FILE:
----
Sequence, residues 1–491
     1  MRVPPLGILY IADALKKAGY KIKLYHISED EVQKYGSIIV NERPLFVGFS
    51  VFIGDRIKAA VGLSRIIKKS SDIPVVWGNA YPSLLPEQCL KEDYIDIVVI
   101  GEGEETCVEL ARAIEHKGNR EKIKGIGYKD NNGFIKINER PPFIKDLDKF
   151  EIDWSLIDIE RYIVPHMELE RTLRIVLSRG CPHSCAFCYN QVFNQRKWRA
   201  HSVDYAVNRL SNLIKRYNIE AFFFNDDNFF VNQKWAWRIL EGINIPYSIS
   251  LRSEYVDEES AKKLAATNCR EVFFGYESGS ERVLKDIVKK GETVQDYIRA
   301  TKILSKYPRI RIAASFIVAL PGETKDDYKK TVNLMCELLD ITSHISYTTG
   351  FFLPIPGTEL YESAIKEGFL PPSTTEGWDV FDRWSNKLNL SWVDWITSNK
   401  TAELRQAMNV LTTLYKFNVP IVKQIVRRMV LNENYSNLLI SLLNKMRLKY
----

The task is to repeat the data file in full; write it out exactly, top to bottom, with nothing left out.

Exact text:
Sequence, residues 1–491
     1  MRVPPLGILY IADALKKAGY KIKLYHISED EVQKYGSIIV NERPLFVGFS
    51  VFIGDRIKAA VGLSRIIKKS SDIPVVWGNA YPSLLPEQCL KEDYIDIVVI
   101  GEGEETCVEL ARAIEHKGNR EKIKGIGYKD NNGFIKINER PPFIKDLDKF
   151  EIDWSLIDIE RYIVPHMELE RTLRIVLSRG CPHSCAFCYN QVFNQRKWRA
   201  HSVDYAVNRL SNLIKRYNIE AFFFNDDNFF VNQKWAWRIL EGINIPYSIS
   251  LRSEYVDEES AKKLAATNCR EVFFGYESGS ERVLKDIVKK GETVQDYIRA
   301  TKILSKYPRI RIAASFIVAL PGETKDDYKK TVNLMCELLD ITSHISYTTG
   351  FFLPIPGTEL YESAIKEGFL PPSTTEGWDV FDRWSNKLNL SWVDWITSNK
   401  TAELRQAMNV LTTLYKFNVP IVKQIVRRMV LNENYSNLLI SLLNKMRLKY